Instance boss tanking is very different. Bosses almost never have an enrage timer, soft or hard, which reduces the need for single-target threat and devalues DPS-oriented raid benefits like Abomination’s Might. Ultimately it reduces the relative importance of boss encounters in general: in most five-mans at gear level, your group will be more strained by trash than by any but the most challenging boss. Also, since bosses are less important, and both bosses and trash have significantly less health per DPS than in a raid environment, “phase” abilities (usable on enemies below 20% health, enemies above 80% health, etc.) are less valuable – more likely to be clipped by GCDs, cast times, and other group members’ DPS.

In an instance, the trash is what gives you trouble. (At least, it’s what’s given me trouble in the past.) Especially running into a pack for the first time, the tank has to make some important judgments about what the kill order is, what should be crowd controlled by whom, what he’s going to pull and how he’s going to pull it. You have to make these judgments blind – based solely on the names of the mobs and their models – then communicate all of this to your group members in a clear and non-tl;dr fashion, hope that they all perform their roles perfectly, and triage when they inevitably don’t. So unlike in raid tanking specs, what tanking bloggers will sometimes call “trash talents” may be your most important. Take another look at them.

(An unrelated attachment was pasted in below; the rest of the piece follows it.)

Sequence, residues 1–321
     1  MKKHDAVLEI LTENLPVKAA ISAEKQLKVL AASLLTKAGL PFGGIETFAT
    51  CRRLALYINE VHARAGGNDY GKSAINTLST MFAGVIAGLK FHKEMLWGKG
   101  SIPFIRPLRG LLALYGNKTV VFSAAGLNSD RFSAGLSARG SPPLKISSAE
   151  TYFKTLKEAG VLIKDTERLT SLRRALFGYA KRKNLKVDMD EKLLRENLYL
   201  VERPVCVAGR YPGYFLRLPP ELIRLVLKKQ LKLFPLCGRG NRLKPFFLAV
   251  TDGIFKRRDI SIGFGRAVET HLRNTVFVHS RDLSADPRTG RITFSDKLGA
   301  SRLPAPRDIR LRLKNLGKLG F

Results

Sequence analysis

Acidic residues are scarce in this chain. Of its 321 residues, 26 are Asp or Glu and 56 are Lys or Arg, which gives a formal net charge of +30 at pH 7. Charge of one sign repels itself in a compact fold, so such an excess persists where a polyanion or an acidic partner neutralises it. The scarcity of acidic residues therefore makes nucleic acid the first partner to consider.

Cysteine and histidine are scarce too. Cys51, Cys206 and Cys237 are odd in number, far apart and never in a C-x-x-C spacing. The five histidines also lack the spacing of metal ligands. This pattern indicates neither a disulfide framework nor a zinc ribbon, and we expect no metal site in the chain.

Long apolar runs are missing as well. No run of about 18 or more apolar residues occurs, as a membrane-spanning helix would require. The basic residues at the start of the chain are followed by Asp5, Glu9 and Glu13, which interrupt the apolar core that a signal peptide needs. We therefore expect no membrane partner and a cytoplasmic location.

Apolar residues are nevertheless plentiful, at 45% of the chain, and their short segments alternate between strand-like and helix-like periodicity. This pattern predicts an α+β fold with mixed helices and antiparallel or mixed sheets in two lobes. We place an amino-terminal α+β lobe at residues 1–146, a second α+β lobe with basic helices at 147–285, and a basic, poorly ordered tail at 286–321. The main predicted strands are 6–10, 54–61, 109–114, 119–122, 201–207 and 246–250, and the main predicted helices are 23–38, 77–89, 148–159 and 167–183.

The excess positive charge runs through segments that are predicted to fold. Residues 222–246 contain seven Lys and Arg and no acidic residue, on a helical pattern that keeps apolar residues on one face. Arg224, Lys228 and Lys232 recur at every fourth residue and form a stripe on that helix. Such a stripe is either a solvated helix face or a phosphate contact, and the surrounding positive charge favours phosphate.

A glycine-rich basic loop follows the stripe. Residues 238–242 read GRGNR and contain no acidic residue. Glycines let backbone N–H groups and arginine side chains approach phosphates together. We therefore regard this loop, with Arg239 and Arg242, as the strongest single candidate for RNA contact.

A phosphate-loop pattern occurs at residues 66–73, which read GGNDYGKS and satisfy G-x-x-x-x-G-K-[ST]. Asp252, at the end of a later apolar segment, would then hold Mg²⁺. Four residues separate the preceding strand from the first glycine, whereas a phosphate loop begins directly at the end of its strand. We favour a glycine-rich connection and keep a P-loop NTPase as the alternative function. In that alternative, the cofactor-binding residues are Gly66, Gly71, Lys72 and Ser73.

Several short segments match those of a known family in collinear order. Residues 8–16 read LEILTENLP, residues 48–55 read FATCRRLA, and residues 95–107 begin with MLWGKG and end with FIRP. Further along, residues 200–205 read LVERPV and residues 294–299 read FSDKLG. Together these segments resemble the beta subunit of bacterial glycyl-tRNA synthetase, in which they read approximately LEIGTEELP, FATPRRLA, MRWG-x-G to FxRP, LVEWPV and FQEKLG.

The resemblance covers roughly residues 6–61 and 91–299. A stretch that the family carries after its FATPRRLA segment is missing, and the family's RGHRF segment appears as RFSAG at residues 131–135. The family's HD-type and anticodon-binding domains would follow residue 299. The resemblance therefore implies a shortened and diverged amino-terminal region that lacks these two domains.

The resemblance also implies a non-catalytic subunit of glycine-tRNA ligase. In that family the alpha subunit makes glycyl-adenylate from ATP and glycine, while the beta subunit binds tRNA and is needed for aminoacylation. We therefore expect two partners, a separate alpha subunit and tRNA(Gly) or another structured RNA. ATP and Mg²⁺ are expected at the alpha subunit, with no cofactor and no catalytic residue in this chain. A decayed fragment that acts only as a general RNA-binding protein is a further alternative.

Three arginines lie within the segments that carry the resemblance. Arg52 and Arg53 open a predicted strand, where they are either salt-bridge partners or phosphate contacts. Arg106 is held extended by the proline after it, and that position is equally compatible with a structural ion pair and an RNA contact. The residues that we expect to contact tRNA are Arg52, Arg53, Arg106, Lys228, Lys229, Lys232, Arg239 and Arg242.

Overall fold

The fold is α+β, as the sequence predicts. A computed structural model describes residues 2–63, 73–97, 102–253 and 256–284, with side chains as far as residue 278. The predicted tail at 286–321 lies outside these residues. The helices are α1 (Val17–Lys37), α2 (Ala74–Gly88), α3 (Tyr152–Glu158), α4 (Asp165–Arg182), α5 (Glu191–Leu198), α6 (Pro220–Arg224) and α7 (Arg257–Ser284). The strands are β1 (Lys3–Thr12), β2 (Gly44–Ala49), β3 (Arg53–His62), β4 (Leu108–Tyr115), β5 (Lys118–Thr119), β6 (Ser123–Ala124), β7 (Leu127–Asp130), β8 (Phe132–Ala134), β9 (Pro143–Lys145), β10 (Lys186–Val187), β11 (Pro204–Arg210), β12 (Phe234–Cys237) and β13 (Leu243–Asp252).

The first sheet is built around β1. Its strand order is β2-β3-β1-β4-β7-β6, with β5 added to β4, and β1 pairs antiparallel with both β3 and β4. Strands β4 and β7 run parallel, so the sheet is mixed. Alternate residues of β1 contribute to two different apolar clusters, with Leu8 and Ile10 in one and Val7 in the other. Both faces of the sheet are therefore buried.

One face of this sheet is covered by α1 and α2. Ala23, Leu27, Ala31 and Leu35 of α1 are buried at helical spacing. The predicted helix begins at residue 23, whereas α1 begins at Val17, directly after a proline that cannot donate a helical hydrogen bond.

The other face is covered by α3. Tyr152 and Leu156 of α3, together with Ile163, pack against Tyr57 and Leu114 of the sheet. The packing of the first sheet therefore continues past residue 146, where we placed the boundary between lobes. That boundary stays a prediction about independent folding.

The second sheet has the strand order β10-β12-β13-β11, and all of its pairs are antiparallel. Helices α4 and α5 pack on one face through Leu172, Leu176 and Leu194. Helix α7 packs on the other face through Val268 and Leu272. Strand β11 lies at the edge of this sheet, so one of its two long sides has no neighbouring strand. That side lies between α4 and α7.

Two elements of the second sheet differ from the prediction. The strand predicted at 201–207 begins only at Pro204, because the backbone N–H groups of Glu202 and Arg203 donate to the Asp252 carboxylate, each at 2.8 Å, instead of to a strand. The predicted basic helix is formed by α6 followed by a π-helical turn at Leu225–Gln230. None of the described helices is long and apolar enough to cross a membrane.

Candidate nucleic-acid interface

Cooldown Use

In my opinion, the main strategy difference between 5-mans and raids for tanks is the use of cooldowns. While addressing mechanics, picking up mobs and dealing with pats, adds, and bad CC happen in basically the same way in both raid and party environments, the loss of all but one of your healers significantly changes your pattern of healing. You only have one healer, so healing at any given time is binary: you’re either getting it or you’re not.

The way I think of it, in a raid, you pop cooldowns to help your healers. You have multiple healers, who can keep you healed under normal circumstances; but sometimes, damage intake is high or your healers are otherwise occupied and they need a little breathing room. Under most circumstances, you’re never not being healed; you may just be being healed a little less sometimes.

A 5-man group is different. Sometimes, your only healer is silenced, or moving, or otherwise occupied; and when this happens it shuts your incoming healing down to just about 0. Sometimes your healer is dead or oom, and there’s no one to pick up the slack. Cooldowns therefore are most valuable not for helping your healer keep you up, but for helping you stay up as long as possible without heals. Think of it like a botched Plagueworks puppy or Gluth encounter. You’ve got 10 stacks of MS, you’re taking predictable damage, and you need to hold out until either the other tank’s stacks drop off, or the dog dies.